100th YEAR (really 102nd!) ANNIVERSARY EVENT
SPECIAL EVENT OPEN TO THE PUBLIC!
As a kickoff to celebrating the 100th Anniversary of the CU Boulder Mountain Research Station (2 years late…) and the completion of the renovation to the historic Wildrose Dining Hall we will be holding a two-week special event – a dinner + seminar series. Visit https://forms.gle/Cjh2y3iYw5fBWRwJ8 to sign up for a dinner+seminar happening June 21,22,23 and June 28,29,30.
Dinner from 6-7, talks begin at 6:45
You must SIGN UP TO ATTEND, we will ACCEPT CASH OR CHECK ONLY (sorry, no credit cards/Venmo/etc.)
June 21 (Tues) – Dr. Adrian Carper – Colorado's Wild Bees: Expanding the Conservation Impacts of Pollinator Research
June 22 (Wed) – Dr. Nancy Emery – Alpine plant responses to changing climate: Long-term trends and experimental insights from the Niwot Ridge LTER
June 23 (Thur) – Dr. Scott Taylor – The Boulder Chickadee Study: chickadee hybridization along the Front Range
June 28 (Tues) - Amy Hoagland - MRS Artist in Residence - Sculptural Stories of the Land
June 29 (Wed) – Dr. Tom Veblen - Forty years of studying forest changes on Niwot Ridge
June 30 (Thur) – Molly Ott - MRS Artist in Residence - "Skin, Mirrored" - the shrinking locations of water surfaces and the subsequent reflections that come from those surfaces
Details on each seminar are below.
June 21 – Dr. Adrian Carper – Colorado's Wild Bees: Expanding the Conservation Impacts of Pollinator Research*
Dr. Carper is a community ecologist and has studied pollinators, their natural history, and ecology for over a decade. His current research through the Museum of Natural History focuses on the impacts of human land-use on native bee community ecology, and how natural history knowledge can help inform their conservation. In the Dept. of Ecology and Evolutionary Biology, he focuses on butterflies, and the impacts of exotic plants on the chemical ecology of multitrophic interactions. Both avenues for research underscore why improving our understanding of biological communities is crucial to mitigate the negative impacts of human-induced environments change.
June 22 – Dr. Nancy Emery – Alpine plant responses to changing climate: Long-term trends and experimental insights from the Niwot Ridge LTER*
Nancy Emery is an Associate Professor in the Department of Ecology and Evolutionary Biology at the University of Colorado Boulder and a co-investigator of the Niwot Ridge Long-Term Ecological Research project. Her research program focuses on understanding plant adaptation in spatially and temporally variable environments and the role of evolutionary processes in shaping plant responses to global change.
June 23 – Dr. Scott Taylor – The Boulder Chickadee Study: chickadee hybridization along the Front Range*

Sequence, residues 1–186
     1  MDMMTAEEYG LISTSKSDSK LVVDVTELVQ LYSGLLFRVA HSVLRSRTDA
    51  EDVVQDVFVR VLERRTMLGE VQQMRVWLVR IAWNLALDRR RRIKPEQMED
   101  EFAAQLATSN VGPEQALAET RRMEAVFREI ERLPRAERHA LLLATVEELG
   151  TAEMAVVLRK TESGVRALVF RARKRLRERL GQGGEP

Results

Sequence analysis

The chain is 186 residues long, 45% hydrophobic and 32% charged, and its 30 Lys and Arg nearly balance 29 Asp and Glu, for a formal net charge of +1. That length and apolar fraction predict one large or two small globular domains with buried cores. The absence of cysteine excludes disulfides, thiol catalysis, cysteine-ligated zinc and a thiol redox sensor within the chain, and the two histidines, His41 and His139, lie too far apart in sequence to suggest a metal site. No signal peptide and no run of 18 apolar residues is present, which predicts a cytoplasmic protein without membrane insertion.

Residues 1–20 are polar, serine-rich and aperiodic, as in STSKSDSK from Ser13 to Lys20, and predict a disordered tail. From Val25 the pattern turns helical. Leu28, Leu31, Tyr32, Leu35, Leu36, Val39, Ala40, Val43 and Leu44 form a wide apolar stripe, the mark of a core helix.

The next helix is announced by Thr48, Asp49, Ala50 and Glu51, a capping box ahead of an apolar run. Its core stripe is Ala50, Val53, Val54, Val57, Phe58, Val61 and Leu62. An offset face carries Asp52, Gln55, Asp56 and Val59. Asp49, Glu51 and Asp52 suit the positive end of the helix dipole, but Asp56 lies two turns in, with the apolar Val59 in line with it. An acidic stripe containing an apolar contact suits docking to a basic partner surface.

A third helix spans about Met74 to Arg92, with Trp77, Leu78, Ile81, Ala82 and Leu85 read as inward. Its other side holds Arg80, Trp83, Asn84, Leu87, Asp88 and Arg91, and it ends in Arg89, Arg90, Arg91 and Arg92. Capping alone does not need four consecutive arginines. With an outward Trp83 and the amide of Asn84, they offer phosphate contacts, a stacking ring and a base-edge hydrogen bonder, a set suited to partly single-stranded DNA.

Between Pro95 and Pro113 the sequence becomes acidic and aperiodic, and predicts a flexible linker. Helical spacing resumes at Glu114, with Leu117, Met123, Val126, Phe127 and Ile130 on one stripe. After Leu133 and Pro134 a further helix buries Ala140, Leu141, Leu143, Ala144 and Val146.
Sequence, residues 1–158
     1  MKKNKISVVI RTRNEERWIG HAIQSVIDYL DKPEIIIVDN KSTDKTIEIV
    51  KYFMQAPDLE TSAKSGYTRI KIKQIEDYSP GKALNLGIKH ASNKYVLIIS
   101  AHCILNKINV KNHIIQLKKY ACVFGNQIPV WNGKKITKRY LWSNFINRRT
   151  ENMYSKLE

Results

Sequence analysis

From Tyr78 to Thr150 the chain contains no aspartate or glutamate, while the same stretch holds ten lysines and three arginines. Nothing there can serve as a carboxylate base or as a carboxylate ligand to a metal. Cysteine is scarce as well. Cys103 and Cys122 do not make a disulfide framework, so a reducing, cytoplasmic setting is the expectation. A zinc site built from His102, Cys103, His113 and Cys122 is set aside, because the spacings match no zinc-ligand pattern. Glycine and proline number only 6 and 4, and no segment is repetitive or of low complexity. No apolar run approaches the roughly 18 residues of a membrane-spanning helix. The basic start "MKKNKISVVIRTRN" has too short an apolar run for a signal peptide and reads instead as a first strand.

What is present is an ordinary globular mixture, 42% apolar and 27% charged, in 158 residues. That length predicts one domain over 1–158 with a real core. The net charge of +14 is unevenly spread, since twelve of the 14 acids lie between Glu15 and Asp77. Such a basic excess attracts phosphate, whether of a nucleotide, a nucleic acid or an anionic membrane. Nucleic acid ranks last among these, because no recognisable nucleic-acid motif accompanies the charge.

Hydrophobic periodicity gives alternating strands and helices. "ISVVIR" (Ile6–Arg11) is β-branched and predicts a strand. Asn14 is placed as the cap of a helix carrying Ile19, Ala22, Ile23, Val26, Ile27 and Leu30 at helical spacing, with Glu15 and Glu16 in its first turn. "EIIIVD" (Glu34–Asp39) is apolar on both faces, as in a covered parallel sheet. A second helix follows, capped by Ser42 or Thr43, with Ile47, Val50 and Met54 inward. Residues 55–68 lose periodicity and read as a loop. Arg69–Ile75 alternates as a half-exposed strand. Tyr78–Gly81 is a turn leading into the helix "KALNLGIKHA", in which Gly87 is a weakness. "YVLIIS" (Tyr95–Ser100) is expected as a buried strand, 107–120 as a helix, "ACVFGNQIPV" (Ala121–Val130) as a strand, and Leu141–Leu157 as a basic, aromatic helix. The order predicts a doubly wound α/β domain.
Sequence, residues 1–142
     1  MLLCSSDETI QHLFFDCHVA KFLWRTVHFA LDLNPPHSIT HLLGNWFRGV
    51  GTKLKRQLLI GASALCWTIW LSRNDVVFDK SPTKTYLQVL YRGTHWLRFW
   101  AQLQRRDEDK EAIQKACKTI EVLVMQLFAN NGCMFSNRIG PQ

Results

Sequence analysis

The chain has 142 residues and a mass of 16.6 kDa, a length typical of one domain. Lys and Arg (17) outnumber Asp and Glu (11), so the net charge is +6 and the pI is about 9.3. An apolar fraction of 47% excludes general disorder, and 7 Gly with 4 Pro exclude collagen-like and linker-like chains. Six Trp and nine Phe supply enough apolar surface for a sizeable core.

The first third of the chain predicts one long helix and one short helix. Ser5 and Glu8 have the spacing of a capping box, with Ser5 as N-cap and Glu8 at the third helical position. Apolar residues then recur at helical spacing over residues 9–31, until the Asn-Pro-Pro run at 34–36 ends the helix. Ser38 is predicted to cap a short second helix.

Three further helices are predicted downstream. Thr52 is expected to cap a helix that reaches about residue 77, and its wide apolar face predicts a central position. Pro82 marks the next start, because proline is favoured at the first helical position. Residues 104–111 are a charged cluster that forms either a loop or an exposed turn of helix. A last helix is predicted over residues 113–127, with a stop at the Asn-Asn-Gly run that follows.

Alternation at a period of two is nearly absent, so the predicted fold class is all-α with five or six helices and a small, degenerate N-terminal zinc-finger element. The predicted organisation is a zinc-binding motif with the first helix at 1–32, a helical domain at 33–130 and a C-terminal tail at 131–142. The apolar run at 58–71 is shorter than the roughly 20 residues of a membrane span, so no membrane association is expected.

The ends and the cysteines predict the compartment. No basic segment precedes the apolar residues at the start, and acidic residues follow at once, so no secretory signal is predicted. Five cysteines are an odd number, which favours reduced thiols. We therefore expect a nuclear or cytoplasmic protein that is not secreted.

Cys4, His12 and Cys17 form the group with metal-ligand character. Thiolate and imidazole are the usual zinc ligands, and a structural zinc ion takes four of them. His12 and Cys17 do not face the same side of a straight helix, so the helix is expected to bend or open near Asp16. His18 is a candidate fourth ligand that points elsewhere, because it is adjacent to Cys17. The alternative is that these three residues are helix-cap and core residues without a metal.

Scott Taylor is the Director of the CU Boulder Mountain Research Station and is an Assistant Professor in the Department of Ecology and Evolutionary Biology at the University of Colorado. Research in his group is focused on studying hybridization and speciation in birds to understand the genetic bases of traits involved in reproductive isolation, population divergence, and speciation, and the impacts of anthropogenic change, including climate change, on species distributions, interactions, and evolution.
June 28 - Amy Hoagland - MRS Artist in Residence - Sculptural Stories of the Land*
Amy Hoagland is a multidisciplinary artist that creates sculptural installations about the human
relationship within nature. She is interested in revealing the story that the land tells. Expanding
her studio into the surrounding landscape is an important part of her practice: many of her
concepts come from organizing her thoughts during time spent in the environment. Amy believes
in the power of empathy and creates work that connects viewers to their senses to cultivate
deeper empathy for our landscape.
Amy is a Louisville, Kentucky born artist. She received her BFA from the University of
Kentucky in 2016 and her MFA in Sculpture from University of Colorado, Boulder in 2022. She
is a 2022 recipient of a Windgate Fellowship for sustainable art presented by Honoring the
Future. Amy is passionate about art’s ability to create social change and is a member of the
Boulder/Denver Art + Science + Action cohort as well as Engaged Arts and Humanities Scholars
at the University of Colorado, Boulder. She is a recipient of a 2021 RedLine Insite Fund in
support of a community based artwork created to advocate for hope and resilience in the wake of
local climate events. She currently lives and works in Boulder, Colorado.
June 29 – Dr. Tom Veblen - Forty years of studying forest changes on Niwot Ridge*
Dr. Veblen is a Distinguished Professor Emeritus of Geography at CU Boulder. His main research interests are in forest ecology and vegetation dynamics in relation to natural and anthropogenic disturbances, especially as related to climate variability. He uses tree rings to date past disturbance events such as fire and insect outbreaks. For more than 25 years he has been investigating how disturbances such as fire, blow down and bark beetle outbreaks interact in the forested landscapes of the Colorado Rocky Mountains.
June 30 – Molly Ott - MRS Artist in Residence - "Skin, Mirrored" - the shrinking locations of water surfaces and the subsequent reflections that come from those surfaces*
Molly Ott is a South Carolinian whose work is always considering rituals of Americana and the personal myth. Gridding, collecting, and arranging each have a part in her language but absurdity is the most preferred principle of all.